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Blending through experimentation: an architectural journey with Benedetta Tagliabue

[photo]
Tagliabue believes that dialogue is an essential part of her profession.

[photo]
A photo of one of her firm’s most prominent projects: the Santa Caterina market in Barcelona.

September 26, 2014—

The lecture hall at the Wadad Said Khoury Student Center on September 22 was heaving with students and professors of architecture, all keen to learn from the experience of Benedetta Tagliabue.

The Italian architect had landed in Beirut the afternoon of her lecture and would be leaving back to Barcelona, where she has lived and worked for over two decades, that same night. “I didn’t have the time to tour Beirut, but I had an impression from the sky. The city is very dense, much taller and bigger than I was expecting. The topography is incredible, with the hillside and the coast.”

Her late husband, the renowned Spanish architect Enric Miralles with whom she practiced since 1991, died shortly after his visit to Beirut in 2000. “He came back so enthusiastic,” says Tagliabue of Miralles’ visit. “He said Beirut is a fantastic place, full of energy. This visit for me was somehow a little romantic and nostalgic as a result.”

Tagliabue began her talk with a detailed account of one of her firm’s most prominent projects, the Santa Caterina market in Barcelona. She touched upon topics and challenges familiar to Lebanese architects, notably the need for public space, the importance of involving the community in the development process, the use of artisans whose profession is now under threat and the challenge of discovering archeological ruins during construction. “Our motto was ‘destroying with care’. We had to respect the existing land and structures and allow them to dictate the rules for construction.”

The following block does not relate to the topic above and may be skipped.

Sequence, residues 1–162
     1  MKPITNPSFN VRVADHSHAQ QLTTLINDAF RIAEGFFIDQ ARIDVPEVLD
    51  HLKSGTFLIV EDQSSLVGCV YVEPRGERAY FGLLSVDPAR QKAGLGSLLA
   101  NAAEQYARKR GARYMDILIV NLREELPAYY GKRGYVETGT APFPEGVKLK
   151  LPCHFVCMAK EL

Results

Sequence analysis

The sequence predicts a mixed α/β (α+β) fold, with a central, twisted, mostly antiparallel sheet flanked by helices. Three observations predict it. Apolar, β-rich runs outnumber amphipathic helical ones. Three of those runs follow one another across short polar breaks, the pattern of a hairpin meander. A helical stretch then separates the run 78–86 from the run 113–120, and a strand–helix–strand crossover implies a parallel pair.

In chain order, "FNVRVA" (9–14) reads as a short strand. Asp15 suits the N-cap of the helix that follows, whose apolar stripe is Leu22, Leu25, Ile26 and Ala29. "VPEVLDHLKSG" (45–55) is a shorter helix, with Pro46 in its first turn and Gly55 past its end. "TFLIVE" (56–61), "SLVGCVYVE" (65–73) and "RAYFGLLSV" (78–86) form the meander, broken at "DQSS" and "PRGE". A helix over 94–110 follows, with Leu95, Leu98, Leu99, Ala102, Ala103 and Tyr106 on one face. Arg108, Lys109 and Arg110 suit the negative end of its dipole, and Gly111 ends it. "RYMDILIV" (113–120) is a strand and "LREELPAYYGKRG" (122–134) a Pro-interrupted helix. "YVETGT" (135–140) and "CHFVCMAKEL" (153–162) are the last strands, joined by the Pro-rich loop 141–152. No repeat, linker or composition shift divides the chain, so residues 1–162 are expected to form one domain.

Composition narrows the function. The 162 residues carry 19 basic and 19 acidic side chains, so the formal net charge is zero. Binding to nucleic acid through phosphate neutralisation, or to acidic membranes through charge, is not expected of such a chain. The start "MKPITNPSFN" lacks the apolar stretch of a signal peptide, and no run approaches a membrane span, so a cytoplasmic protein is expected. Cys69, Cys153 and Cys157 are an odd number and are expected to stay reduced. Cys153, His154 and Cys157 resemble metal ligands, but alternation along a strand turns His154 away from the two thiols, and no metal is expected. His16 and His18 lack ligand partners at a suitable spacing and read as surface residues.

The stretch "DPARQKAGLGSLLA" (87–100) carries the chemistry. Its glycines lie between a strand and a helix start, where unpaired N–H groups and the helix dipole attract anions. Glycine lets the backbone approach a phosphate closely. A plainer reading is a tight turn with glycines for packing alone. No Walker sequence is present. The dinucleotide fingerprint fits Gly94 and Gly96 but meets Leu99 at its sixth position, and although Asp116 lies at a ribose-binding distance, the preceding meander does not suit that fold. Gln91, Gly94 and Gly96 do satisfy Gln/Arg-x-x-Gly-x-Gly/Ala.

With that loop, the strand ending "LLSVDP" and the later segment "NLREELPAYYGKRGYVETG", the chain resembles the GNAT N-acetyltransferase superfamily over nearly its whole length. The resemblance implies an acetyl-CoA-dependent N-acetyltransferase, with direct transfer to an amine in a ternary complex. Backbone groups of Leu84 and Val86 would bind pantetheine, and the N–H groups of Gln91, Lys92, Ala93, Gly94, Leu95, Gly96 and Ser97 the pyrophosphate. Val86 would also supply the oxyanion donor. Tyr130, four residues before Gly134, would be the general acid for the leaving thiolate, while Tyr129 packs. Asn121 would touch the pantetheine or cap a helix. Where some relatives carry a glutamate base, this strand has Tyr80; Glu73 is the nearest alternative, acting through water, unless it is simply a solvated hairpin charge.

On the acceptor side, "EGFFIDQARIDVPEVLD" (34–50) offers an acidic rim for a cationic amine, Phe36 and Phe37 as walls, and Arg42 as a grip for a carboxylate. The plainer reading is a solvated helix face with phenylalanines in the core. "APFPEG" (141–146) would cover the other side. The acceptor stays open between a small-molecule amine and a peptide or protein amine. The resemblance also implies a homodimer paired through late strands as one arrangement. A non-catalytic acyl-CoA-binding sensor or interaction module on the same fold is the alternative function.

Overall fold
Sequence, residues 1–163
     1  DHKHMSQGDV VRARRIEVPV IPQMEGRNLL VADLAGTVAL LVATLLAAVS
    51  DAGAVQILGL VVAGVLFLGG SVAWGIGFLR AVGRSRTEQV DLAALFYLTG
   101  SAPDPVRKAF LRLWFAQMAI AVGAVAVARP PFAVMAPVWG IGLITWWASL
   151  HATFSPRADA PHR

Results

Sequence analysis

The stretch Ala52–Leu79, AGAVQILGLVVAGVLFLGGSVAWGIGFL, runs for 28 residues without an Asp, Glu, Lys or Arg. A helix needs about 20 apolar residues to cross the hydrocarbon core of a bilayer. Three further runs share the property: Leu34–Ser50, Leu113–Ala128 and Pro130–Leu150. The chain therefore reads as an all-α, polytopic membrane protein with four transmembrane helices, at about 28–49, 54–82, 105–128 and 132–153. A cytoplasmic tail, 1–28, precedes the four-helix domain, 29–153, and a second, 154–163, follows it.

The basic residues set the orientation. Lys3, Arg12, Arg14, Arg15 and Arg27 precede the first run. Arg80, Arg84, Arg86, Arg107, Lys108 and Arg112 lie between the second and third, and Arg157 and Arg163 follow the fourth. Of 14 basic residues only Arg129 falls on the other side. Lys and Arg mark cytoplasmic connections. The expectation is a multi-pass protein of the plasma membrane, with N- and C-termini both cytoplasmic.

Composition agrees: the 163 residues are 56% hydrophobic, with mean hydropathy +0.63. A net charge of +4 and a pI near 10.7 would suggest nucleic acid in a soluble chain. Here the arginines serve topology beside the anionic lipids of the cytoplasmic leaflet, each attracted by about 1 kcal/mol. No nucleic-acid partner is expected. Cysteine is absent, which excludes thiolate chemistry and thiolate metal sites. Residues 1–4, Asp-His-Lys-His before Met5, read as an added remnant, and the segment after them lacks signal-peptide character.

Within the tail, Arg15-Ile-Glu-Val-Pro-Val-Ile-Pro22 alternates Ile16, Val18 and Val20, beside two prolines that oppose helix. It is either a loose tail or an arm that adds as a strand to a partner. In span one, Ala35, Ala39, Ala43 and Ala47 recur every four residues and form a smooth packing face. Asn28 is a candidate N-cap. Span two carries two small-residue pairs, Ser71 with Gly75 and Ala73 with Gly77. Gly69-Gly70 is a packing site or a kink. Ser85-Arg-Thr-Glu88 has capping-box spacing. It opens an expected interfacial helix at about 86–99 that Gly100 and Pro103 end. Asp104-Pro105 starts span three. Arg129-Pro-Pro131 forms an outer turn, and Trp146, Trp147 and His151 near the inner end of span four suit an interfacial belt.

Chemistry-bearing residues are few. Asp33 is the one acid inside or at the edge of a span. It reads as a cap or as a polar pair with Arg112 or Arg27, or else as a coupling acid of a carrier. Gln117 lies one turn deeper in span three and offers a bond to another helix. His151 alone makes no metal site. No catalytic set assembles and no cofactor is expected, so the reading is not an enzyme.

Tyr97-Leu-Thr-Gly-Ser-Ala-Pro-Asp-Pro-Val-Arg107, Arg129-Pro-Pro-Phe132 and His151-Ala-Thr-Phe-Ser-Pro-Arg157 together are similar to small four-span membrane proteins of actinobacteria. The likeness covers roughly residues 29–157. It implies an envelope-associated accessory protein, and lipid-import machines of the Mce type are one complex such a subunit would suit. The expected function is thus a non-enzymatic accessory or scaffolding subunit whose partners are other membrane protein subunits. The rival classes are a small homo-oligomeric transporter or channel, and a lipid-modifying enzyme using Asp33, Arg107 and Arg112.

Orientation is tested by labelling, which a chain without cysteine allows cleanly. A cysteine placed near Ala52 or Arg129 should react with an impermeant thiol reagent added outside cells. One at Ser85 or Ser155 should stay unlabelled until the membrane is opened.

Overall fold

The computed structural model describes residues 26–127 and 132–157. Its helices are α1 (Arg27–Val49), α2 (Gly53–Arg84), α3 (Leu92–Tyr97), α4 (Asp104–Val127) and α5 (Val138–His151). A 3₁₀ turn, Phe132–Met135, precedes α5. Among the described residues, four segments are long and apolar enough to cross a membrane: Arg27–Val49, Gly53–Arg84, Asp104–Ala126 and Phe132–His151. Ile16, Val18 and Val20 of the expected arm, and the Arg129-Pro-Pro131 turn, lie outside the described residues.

Indeed, construction was halted for two years after a monastery was discovered, and parts of the archeological dig were preserved and left visible as part of the public space honoring the original market and its purpose while adding new life to a decaying space. “The market was old and grey and they wanted to demolish it. We were living in the area and did not agree with their plans for the space so we developed an alternative plan. It was activism. A special moment, an opportunity, enabled a transformation in the city that brought a neighborhood back to life.”

Tagliabue believes that a process of openness began in Barcelona as a result of the Olympic Games hosted by the city in 1992. “Barcelona transformed completely with a policy of opening up, and the Olympics were crucial in starting the process. It was essential to have architects and urban planners coming from the universities who were able to give suggestions and beautiful drawings to the politicians. Universities are important.”

Tagliabue has taught at Harvard, Columbia and the Barcelona School of Architecture, and believes that dialogue is an essential part of her profession. “I started teaching with my husband. He believed very much in the process of ‘doing and conversing’. I continue to teach courses and give many lectures and workshops and participate in media programs. I always say ‘yes’ to invitations because I think openness is very important.” She refers to the development of the Renaissance and the pivotal importance of knowledge-sharing during the time, saying: “I feel we have to try to do the same.”

Tagliabue’s lecture was the first in a series of public lectures hosted by LAU’s School of Architecture and Design. Next month Stefan Tischer will speak at both the Beirut and Byblos campuses. For more on that and future lectures, visit the SArD website.

 


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